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161106-1 Report Abstract

Evaluating the Effect of Street Network Connectivity on First/Last Mile Transit Performance

Luca Quadrifoglio and Shailesh Chandra, Texas A&M University, November 2011, 64 pp. (161106-1)

This study defines a novel connectivity indicator (CI) to predict transit performance by identifying the role that street network connectivity plays in influencing the service quality of demand responsive feeder transit services. This new CI definition is dependent upon the expected shortest path between any two nodes in the network, includes spatial features and transit demand distribution information, and is easy to calculate for any given service area. Simulation analyses over a range of networks are conducted to validate the new definition. Results show a desirable monotonic relationship between transit performance and the proposed CI, whose values are directly proportional and therefore good predictors of the transit performance, outperforming other available indicators typically used by planners. This study also presents a methodology to identify and locate critical links in a grid street network system of any size for feeder transit services. A critical link can be defined as that link that when eliminated from or appended to an existing network would cause the largest change in the network connectivity and consequently transit performance. Easily computable formulas are provided and validated by simulation analyses. Useful insights indicate a monotonic decrease in link criticality as we depart from the centrally located links to those located at boundaries.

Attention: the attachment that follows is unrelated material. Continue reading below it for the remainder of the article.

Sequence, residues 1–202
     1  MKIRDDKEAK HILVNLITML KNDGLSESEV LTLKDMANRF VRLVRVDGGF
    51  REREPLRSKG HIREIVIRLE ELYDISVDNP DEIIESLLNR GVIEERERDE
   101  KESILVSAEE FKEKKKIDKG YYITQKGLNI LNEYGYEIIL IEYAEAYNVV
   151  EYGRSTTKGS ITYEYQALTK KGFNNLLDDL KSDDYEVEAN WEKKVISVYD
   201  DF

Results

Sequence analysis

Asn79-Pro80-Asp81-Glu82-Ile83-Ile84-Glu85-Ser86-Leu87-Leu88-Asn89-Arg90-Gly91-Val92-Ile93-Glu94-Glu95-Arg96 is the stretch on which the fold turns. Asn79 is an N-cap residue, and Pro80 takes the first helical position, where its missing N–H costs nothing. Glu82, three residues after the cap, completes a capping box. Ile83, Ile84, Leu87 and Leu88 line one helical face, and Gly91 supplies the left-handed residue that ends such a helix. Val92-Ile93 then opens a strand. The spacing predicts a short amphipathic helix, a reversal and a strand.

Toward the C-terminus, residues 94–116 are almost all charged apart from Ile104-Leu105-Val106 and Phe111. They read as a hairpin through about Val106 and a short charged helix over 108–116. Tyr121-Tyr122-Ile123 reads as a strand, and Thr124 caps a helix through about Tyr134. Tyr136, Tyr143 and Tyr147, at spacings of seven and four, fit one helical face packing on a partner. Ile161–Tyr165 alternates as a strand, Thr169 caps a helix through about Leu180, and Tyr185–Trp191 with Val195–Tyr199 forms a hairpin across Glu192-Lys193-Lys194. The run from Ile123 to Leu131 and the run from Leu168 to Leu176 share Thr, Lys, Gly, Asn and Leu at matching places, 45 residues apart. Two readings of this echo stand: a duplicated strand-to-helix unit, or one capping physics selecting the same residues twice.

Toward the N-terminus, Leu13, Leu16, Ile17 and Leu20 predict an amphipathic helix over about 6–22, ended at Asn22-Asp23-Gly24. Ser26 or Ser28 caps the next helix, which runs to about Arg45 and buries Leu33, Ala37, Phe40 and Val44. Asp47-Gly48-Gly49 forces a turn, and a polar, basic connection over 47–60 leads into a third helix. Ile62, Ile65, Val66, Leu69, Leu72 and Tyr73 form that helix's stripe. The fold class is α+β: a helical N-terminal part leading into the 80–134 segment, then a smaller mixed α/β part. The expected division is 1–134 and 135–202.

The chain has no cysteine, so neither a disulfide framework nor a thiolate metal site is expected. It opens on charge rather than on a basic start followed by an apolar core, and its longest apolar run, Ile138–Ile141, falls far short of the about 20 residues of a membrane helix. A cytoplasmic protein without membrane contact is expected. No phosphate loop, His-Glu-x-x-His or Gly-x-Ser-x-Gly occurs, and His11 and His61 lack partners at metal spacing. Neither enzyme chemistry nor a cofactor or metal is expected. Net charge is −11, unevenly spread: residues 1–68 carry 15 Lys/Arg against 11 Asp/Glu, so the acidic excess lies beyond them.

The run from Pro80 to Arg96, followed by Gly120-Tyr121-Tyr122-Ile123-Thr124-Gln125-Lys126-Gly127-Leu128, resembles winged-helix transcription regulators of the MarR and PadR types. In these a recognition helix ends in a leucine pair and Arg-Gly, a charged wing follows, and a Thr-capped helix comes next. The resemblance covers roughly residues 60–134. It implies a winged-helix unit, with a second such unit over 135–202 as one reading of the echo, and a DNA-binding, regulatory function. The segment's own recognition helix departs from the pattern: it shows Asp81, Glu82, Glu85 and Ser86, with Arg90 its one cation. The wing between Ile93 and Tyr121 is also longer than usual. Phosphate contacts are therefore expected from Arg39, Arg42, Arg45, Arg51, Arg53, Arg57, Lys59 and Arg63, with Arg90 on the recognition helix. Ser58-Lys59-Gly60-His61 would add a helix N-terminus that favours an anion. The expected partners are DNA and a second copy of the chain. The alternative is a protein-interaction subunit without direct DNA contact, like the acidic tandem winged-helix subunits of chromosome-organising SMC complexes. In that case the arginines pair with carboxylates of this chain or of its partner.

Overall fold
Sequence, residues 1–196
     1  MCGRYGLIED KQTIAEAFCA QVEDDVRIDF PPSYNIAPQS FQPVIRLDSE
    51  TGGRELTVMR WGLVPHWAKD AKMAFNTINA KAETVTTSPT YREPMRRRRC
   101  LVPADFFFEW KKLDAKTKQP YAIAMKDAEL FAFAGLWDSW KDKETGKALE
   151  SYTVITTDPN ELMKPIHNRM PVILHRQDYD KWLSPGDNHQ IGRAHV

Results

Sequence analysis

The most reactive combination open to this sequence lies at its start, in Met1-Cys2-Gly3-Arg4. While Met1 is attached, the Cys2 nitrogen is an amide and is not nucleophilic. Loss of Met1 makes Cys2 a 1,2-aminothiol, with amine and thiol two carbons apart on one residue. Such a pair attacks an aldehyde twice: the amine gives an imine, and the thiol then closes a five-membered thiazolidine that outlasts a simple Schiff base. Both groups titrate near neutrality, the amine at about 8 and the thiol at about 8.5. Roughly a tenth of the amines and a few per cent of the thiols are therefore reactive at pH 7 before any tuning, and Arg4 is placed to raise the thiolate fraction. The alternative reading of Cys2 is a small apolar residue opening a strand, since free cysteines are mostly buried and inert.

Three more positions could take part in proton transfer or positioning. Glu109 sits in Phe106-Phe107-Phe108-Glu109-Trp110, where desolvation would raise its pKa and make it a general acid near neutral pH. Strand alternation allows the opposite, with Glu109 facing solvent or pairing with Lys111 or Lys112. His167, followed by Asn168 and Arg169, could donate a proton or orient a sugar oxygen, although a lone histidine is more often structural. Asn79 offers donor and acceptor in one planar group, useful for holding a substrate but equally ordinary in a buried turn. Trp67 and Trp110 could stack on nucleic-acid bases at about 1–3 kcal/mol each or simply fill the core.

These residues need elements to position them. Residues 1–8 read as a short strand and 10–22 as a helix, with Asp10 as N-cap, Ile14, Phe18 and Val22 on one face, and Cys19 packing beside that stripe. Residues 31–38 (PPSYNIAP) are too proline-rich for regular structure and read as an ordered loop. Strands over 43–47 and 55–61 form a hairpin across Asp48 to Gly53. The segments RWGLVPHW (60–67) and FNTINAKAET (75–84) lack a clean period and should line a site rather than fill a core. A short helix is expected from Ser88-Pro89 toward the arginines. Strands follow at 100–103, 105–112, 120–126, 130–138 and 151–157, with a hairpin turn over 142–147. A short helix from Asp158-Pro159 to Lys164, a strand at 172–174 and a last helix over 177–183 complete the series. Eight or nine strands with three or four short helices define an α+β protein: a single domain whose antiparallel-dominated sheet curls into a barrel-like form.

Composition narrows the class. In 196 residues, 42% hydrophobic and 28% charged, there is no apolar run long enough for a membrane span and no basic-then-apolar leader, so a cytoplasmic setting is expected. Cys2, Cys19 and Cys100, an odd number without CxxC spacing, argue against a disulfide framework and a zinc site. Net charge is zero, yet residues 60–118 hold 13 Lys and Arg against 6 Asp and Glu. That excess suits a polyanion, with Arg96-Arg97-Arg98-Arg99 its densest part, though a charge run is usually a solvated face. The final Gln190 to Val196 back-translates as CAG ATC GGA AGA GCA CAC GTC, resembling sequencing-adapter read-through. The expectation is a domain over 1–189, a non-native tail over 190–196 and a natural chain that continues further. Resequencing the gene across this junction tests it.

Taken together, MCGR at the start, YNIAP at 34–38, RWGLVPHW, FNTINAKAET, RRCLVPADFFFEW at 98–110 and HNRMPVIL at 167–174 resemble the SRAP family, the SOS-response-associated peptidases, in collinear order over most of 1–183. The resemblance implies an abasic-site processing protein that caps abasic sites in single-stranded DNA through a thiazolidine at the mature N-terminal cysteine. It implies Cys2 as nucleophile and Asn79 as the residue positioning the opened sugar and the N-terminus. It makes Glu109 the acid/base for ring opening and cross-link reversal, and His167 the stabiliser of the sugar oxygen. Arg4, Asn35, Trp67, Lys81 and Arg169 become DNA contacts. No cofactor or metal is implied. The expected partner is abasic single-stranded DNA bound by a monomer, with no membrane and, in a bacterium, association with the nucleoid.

Keywords: First/Last Mile, Demand Responsive, Connectivity, Critical Link, Insertion Heuristic

ENTIRE REPORT (Adobe Acrobat File – 781 KB)